Infer, 2. If mortification be the great work of a Christian, then certainly thofe that give the corruptions of Christians an occasion to revive, must needs do them a very ill office: they are not our best friends that stir the.pride of our hearts by the flattery of their lips. The graces of God in others, I consess, are thankfully to be owned, and under discouragements, and contrary temptations, to be wisely and modestly spoken of; but the strongest Christians do scarcely shew their own weakness in any oue thing more than they do in bearing their own praises. Christian, thou knowest thou earnest gunpowder about thee, desire those that carry sire to keep at a distance from thee; 'tis a dangerous crisis when a proud heart meets with flattering lips; auserte ignem, &c. take away the fire, (said a holy divine of Germany, when his friend commended him upon his death-bed) for I have yet combustible matter about me; faithful, seasonable, discreet reproofs are much more sase to us, and advantageous to our morn* fying work; but alas, how sew have the boldness or wisdom duly to administer them-? ,It is said of Alexander, that he bid a philosopher (who had been long with him) to be gone; for, said he, so long thou hast been with me, and never reproved me; which mult needs be thy fault; for either thou sawest nothing in me worthy of reproof, which argues thy ignorance; or else, thou durst not reprove me, which argues thy unfaithfulness. A wise and faithful reprover is of singular use to him that is heartily engaged in the design of mortification; such a faithful friend, or some malicious enemy, must be helpful to us in that work.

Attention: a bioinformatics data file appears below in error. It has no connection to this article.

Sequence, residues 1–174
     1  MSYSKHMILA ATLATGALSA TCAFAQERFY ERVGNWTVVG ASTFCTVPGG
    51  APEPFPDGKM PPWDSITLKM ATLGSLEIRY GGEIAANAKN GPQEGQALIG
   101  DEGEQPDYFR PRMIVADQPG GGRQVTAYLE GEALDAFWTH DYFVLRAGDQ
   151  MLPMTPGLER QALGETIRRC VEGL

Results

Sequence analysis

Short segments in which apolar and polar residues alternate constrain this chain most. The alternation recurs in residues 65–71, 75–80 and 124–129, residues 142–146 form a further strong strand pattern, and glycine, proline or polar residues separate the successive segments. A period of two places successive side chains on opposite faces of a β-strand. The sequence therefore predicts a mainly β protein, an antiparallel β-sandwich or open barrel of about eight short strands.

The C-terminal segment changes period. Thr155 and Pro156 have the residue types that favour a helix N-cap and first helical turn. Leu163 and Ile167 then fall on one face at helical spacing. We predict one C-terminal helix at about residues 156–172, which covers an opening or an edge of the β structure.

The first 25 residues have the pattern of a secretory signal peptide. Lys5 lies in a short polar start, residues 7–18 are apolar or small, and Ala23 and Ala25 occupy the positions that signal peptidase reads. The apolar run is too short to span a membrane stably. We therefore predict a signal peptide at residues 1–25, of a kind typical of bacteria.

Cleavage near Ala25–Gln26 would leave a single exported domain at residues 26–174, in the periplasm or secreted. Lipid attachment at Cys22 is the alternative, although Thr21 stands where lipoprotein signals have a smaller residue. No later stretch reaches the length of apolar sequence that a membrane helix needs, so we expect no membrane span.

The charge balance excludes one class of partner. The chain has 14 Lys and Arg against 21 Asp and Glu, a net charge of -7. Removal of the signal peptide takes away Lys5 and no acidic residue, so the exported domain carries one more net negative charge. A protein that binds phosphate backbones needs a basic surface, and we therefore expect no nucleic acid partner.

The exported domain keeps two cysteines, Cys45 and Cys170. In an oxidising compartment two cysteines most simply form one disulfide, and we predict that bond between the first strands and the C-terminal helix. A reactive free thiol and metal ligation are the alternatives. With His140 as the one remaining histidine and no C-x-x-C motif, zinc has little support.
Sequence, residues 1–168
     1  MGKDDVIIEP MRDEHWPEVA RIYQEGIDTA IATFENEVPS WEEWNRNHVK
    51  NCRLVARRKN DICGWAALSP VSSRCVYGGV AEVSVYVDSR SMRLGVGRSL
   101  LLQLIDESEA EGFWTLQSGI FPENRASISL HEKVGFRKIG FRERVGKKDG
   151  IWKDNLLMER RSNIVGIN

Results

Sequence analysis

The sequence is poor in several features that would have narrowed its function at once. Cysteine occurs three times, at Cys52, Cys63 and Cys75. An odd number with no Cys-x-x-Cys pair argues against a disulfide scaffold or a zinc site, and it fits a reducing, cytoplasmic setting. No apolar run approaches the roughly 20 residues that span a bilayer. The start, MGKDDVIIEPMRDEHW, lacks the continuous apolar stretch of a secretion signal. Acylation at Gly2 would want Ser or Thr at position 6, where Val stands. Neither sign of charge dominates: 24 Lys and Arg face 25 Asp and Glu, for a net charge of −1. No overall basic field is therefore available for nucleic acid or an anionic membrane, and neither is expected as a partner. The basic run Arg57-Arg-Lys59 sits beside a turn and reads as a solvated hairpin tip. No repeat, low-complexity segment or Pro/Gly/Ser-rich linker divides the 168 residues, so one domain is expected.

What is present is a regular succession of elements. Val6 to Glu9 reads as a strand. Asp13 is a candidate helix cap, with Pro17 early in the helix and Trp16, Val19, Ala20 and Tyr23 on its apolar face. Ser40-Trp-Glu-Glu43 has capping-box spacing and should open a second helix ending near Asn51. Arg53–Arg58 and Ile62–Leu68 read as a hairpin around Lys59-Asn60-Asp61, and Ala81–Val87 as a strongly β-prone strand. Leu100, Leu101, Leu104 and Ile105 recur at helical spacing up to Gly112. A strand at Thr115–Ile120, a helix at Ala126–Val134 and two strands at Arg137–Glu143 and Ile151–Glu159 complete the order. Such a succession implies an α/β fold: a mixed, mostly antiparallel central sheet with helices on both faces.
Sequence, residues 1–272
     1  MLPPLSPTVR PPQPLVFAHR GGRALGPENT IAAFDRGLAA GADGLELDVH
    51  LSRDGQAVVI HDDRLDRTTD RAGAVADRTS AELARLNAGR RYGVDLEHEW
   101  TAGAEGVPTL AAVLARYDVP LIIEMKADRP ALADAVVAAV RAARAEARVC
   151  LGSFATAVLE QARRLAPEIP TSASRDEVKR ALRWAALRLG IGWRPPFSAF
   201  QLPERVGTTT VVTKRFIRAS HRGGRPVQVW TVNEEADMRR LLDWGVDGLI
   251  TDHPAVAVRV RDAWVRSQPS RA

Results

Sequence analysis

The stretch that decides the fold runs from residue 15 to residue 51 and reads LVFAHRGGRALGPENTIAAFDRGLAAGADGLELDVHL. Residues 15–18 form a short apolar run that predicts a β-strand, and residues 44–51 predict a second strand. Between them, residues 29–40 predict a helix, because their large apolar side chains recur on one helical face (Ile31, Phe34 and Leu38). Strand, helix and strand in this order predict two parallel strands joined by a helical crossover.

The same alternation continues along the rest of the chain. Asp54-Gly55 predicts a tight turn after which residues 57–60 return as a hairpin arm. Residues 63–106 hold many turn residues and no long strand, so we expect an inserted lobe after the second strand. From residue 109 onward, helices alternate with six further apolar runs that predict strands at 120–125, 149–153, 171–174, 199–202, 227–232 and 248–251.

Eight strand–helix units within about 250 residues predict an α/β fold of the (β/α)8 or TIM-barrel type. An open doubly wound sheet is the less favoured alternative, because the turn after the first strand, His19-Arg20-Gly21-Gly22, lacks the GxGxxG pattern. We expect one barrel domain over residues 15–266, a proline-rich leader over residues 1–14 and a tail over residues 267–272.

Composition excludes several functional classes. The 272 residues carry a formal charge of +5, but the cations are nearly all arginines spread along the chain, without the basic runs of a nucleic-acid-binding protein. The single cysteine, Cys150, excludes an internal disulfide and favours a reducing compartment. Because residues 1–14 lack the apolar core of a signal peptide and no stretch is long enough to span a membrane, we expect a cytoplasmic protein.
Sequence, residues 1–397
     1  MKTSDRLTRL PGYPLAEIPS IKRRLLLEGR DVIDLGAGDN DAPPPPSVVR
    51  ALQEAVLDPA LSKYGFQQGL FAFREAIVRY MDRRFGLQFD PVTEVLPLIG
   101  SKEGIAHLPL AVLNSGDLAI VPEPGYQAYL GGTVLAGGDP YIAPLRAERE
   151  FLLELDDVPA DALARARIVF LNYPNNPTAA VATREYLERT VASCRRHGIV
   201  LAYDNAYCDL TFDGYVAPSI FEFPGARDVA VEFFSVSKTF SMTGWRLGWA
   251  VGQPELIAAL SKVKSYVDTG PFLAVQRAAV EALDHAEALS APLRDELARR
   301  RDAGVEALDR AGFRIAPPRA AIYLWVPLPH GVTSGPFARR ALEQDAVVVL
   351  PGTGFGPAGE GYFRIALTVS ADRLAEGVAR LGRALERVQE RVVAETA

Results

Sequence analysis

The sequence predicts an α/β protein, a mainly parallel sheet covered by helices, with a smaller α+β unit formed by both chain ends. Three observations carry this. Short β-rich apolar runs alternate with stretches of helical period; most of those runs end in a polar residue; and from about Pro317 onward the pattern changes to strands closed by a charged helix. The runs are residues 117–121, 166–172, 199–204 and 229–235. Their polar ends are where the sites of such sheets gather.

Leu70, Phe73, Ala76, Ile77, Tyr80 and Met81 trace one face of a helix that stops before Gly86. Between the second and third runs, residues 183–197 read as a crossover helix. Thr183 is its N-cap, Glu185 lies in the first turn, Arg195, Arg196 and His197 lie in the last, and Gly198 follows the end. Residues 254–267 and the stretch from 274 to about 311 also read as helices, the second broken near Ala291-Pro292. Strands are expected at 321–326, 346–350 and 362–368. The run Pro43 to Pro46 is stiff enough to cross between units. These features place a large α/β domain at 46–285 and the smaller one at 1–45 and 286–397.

Infer. 3, Hence it follows, that manifold and successive asjlitlions are no more than what is necessary for the best of Christians; the mortification of our lusts requires them all, be they never so many, 1 Pet. i. 5. "If need be, ye are in heaviness;" it is no more than need, that one loss should follow another, to mortify an earthly heart; for so intensely are our affections set upoa the world, that ic is not one, or two, or many checks of providence, that will suffice to wean and alienate them. Alas, the earthliness of our hearts will take all this, it may be much more than this, to purge them: the wise God sees it but necessary to permit frequent discoveries of our own weakness, and to let loose the tongues of many enemies upon us, and all little enough to pull down our pride, and the vanity that is in our hearts: Christian, how disficult soever it be for thee to bear it; yet the pride of thy heart requires all the scoffs and jeers, all the calumnies and reproaches, that ever the tongues or pens of thy bitterest enemies, or mistaken friends, have at any time • thrown upon thee. Such rank weeds as grow in our hearts, fc'iil require hard frosts and very sharp weather to rot them; the straying bullock needs a heavy clog, and so doth a Christian, whom God will keep within the bounds and limits of his commandments, Psal. cxix. 67- Dan. xi. 35.